Two mathematicians begin a discussion by assuming that A=B. Then they begin
making changes. They add an equal term to both sides of the equation. A+A=A+B or
2A=A+B. Then they subtract an equal number from both sides. 2A -2B = A+B
-2B. They look at this and agree that this all makes sense. Then they agree that
this equation can be simplified by a simple operation. 2(A-B) = A+B-2B. This
again s

implifies to 2(A-B) = A-B. The result
astounds them. Two times (A-B) equals (A-B)? Two equals one????
The answer is that the fallacy
occurs only at the final step.

We get to 2(A-B) = A-B. But at
this point we should recall that if you subtract something from itself you**
always** get zero. So A-B = 0 and 2(A-B) also equals 0.

It is surely the case that 0 =
0, but thus stated the air of paradox has disappeared.

You obviously can’t get from
there to the conclusion 2=1, only to the conclusion that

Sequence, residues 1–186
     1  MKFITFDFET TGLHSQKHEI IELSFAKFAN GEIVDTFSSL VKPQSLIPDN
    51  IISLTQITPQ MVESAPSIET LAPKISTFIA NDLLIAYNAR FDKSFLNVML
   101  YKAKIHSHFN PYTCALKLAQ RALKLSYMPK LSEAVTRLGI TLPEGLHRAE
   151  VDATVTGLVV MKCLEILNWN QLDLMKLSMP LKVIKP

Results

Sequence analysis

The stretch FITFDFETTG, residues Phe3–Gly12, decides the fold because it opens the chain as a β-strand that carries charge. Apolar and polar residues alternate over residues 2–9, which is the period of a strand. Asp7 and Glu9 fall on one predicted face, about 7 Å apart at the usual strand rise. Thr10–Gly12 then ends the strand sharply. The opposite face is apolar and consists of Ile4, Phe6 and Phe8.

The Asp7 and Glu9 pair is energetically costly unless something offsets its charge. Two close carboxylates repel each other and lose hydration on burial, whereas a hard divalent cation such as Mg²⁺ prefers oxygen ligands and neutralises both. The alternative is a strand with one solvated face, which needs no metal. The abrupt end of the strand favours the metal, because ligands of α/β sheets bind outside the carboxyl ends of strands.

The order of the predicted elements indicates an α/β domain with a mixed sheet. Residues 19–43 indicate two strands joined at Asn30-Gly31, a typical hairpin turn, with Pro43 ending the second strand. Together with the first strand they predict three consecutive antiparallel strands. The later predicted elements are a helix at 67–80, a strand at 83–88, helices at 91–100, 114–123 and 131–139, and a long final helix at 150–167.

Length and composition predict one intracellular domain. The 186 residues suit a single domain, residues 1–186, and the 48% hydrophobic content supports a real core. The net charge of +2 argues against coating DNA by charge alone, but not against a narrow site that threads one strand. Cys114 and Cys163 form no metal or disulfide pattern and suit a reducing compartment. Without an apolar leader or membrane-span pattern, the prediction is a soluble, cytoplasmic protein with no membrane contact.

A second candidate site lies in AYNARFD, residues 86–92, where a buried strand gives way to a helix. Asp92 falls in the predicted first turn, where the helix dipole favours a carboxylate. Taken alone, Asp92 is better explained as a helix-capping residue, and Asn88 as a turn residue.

2(0) = 1(0).

The final step would be division
by zero, which the basic rules prohibit. Precisely to avoid such paradoxes as
this!

My point? Just that zero, and the rules governing its use are more exotic human conceptual inventions than one might think. The casualness with which we usually treat zero comes from familiarity, not from simplicity. This confirms the point I sought to make yesterday, that our
most successful inventions are also discoveries, and vice versa.

This turns out to be, not especially Kantian, but certainly Jamesian, or well within the area of their overlap.

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